Interview with Barry Bangz

Inspired by each other's creative practice and passion - HB Archive recently collaborated with Melbourne based multidisciplinary artist Barry Bangz on a selection of special one of a kind Market Bags and Always Pouches. Holly had a chat with Isaac to deep dive into the process, inspiration, and get some tune recs too. 

HB: Hiya Isaac! How are ya? 

I: Hey Holly, doing good! Chrissy break can’t come soon enough tho, my body's in maxo-relaxo mode and feeling knackered! Also feeling very grateful to collab with you and get to know ya.


HB: Where did the name Barry Bangz come from?

I: Back when I was a kid I loved this song that went, “And there’s another hit Barry Bangz”, I was 10 and thought it was the coolest name of all time and it really stuck with me. Years on I was in uni about to start making my art public and I wanted a name, an alter ego sorta thing and I thought back to that song I loved as a kid. Turns out I’d misheard the lyric and the song was actually about this baseball player called Barry Bonds. The name was free for the taking and felt like it belonged to me, thanks to that misheard lyric, I became Barry Bangz.

HB: I've been thinking about the first thing that made me want to collaborate with you - it was when I was waiting to pick up my freshly printed tags and overheard you talking about your painting on pants with another customer. It was really refreshing to hear someone else speak so passionately about something they are working on. I guess there's no real question here, I just thought it might be nice to note. It helped me remember why I make clothes and how it's the thing I love most to do. Oh! A question... Do you feel similar in your own practice?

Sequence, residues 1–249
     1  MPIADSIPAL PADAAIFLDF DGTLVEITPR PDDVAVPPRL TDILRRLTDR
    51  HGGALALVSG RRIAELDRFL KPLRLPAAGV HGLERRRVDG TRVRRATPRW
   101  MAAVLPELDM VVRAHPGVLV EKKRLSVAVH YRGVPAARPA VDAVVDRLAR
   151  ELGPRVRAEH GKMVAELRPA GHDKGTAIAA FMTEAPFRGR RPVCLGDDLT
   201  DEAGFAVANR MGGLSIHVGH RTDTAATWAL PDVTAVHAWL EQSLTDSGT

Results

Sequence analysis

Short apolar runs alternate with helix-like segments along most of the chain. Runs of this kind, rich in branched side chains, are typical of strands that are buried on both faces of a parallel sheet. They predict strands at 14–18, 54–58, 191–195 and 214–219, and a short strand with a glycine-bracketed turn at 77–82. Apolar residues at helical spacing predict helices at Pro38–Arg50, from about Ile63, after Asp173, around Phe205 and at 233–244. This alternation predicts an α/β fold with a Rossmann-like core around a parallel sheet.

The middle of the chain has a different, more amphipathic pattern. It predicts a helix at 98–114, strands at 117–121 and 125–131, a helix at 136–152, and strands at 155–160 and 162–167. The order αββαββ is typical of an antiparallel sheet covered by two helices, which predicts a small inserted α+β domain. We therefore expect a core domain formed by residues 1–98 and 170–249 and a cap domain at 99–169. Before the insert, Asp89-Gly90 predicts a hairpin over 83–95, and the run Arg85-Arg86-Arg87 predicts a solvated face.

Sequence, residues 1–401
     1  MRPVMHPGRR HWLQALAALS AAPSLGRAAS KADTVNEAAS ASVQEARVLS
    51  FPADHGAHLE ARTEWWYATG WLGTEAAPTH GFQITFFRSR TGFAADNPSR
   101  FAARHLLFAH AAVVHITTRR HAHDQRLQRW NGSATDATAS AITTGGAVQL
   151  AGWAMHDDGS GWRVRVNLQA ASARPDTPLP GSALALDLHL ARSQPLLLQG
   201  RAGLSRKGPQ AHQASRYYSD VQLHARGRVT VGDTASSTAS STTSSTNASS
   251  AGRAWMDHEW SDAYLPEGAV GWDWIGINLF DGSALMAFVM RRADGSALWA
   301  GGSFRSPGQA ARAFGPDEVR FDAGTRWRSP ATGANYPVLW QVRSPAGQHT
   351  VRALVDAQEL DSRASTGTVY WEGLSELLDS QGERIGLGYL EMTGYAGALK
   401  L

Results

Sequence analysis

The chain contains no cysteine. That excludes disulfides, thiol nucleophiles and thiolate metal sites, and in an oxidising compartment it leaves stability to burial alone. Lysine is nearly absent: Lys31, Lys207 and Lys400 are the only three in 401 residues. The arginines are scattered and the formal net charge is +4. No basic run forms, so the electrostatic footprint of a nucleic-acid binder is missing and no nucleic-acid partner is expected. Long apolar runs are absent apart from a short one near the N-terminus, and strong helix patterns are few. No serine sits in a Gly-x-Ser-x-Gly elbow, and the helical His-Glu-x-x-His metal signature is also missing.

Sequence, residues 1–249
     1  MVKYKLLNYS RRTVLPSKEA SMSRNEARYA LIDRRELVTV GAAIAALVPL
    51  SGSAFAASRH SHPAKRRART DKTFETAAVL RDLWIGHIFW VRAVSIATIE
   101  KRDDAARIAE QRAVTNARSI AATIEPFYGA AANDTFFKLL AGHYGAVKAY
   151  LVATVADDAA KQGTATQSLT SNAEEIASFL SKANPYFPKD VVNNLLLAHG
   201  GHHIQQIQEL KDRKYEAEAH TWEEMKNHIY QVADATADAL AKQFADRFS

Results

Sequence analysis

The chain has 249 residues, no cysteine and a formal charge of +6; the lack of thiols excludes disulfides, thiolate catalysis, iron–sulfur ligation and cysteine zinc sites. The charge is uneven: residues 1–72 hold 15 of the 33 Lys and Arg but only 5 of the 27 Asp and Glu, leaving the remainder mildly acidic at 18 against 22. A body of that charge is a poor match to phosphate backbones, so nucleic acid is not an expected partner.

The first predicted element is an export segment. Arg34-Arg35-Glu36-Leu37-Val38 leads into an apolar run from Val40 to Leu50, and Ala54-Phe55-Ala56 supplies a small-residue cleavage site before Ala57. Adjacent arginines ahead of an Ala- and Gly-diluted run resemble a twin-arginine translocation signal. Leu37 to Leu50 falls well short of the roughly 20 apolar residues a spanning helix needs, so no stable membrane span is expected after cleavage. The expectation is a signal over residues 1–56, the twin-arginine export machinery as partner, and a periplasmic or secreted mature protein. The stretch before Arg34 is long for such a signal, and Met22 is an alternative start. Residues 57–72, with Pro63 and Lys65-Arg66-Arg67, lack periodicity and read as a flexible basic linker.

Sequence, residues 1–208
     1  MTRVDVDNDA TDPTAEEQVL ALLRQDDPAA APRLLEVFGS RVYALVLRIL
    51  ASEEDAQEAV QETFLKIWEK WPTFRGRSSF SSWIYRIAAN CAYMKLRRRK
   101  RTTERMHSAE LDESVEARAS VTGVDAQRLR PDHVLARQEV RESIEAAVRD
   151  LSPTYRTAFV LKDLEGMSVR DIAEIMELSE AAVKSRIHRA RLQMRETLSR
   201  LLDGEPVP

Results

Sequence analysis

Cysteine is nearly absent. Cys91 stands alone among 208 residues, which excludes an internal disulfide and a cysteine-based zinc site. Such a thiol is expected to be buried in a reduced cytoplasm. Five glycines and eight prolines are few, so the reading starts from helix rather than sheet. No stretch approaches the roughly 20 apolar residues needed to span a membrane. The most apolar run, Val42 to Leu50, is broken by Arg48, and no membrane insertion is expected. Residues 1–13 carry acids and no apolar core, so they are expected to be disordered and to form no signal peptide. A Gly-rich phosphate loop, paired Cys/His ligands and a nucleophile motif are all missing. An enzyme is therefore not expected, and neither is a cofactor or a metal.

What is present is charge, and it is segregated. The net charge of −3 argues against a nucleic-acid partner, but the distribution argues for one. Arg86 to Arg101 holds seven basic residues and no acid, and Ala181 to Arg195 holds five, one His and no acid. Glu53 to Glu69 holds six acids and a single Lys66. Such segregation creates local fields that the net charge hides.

I: I definitely resonate with that feeling! My favourite thing about where I work is the strong connection to community, particularly the creative community. I get to meet people who are doing cool things, making things, being passionate and just giving things a crack. When I see other people being passionate and love what they do it only feeds my passion for my own work and brings me back to focus.


HB: I really enjoy asking friends both working in creative jobs, as well as 9-5 yo-pros what their job title is. I read in your bio that you say 'multidisciplinary artist'. When people ask what you do, how do you usually respond, and what is the most fun way that you would ideally like to respond ? For me, I usually say 'I make clothes' if I don't know someone, coz otherwise they end up looking at my instagram and I feel like I'm at a job interview.